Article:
White House and CISA call for collaborative strategies for open-source software security

The initiative is part of a comprehensive endeavour to move beyond superficial cybersecurity measures and tools.

The White House

The White House, along with several governmental entities, issued a call for experts to collaborate in formulating cybersecurity policies for open-source software. Their objective is to enhance software security through the promotion of more secure programming languages. The imperative for improved security in open-source software has intensified over the past two years, notably following the widespread Log4j vulnerability, which became a favoured target for both criminal actors and nation states.

Since the release of the National Cybersecurity Strategy earlier this year, government officials have embarked on a comprehensive endeavour to move beyond superficial cybersecurity measures and tools. Instead, they are targeting the underlying causes of cyber instability. In a joint effort, the White House’s Office of the National Cyber Director (ONCD) collaborated with CISA, the National Science Foundation (NSF), the Defense Advanced Research Projects Agency (DARPA), and the Office of Management and Budget (OMB) to publish a Request for Information (RFI) that addresses open source software security and the adoption of memory safe programming languages.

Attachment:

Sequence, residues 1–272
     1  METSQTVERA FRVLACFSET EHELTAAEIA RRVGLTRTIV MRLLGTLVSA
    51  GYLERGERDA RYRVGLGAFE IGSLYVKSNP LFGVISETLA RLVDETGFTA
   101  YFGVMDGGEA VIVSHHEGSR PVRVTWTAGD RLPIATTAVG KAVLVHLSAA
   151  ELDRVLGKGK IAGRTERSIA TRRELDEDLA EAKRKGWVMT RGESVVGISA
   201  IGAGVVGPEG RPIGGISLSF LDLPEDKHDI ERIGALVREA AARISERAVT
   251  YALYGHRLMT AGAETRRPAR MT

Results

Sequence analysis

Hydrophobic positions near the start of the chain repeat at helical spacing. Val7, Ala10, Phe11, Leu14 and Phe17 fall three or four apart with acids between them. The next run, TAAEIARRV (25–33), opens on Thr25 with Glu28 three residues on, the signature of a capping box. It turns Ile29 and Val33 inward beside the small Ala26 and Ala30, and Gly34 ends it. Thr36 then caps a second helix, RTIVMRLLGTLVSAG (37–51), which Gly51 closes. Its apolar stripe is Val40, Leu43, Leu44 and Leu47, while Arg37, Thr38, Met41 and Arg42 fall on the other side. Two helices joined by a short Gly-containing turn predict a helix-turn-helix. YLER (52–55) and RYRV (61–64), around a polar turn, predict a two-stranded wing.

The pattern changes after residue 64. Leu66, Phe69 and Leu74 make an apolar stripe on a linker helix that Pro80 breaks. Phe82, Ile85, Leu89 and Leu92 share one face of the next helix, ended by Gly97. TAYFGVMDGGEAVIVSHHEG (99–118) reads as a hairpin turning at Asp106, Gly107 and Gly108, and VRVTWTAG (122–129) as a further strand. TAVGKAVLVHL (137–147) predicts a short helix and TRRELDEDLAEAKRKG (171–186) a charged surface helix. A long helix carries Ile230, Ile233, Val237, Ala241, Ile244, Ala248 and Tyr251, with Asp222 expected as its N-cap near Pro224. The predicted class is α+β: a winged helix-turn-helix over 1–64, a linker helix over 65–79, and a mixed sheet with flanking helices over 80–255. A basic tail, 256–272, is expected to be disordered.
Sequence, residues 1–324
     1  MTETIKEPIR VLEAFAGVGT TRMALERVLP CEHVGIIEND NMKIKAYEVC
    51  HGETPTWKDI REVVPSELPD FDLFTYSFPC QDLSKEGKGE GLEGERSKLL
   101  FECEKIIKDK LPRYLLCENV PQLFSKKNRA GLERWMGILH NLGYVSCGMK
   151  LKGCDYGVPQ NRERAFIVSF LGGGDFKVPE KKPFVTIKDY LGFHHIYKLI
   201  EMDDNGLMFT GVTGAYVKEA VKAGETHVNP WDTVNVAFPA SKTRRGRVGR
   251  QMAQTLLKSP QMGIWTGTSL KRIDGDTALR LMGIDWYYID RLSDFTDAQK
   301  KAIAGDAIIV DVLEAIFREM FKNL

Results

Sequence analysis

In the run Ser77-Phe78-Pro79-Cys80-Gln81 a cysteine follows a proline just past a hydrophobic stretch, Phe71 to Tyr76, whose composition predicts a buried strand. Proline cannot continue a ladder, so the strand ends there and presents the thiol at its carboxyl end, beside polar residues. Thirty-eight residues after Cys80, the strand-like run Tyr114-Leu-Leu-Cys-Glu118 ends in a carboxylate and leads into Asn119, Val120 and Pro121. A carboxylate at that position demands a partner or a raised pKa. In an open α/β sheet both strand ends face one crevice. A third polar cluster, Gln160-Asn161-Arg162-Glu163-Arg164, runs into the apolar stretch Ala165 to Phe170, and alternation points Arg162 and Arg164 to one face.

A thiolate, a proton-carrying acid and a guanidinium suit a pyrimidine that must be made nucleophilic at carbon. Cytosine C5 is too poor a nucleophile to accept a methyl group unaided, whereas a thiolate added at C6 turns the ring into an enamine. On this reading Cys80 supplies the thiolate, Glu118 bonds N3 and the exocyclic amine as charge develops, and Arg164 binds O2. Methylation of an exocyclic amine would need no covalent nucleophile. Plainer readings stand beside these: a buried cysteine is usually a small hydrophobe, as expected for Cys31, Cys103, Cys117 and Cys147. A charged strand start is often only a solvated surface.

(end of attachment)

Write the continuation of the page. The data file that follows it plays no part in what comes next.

The White House established an interagency working group named the Open-Source Software Security Initiative (OS3I), which recognizes the unique security risks posed by the widespread usage of open-source software across commercial, governmental, and military domains. This collaborative effort aims to identify and implement strategies for enhancing protections. Both the public and private sectors are invited to contribute to the development of initiatives and action plans to bolster the resilience of the open-source software ecosystem.

This initiative and the broader campaign to encourage the use of memory-safe languages took centre stage during discussions at the Black Hat security conference in Las Vegas. In a keynote address, Kemba Walden, acting director of ONCD, advocated for a paradigm shift in the US government’s approach to cybersecurity. She underscored the need for policies that rebalance cybersecurity responsibilities and empower entities capable of mitigating risk.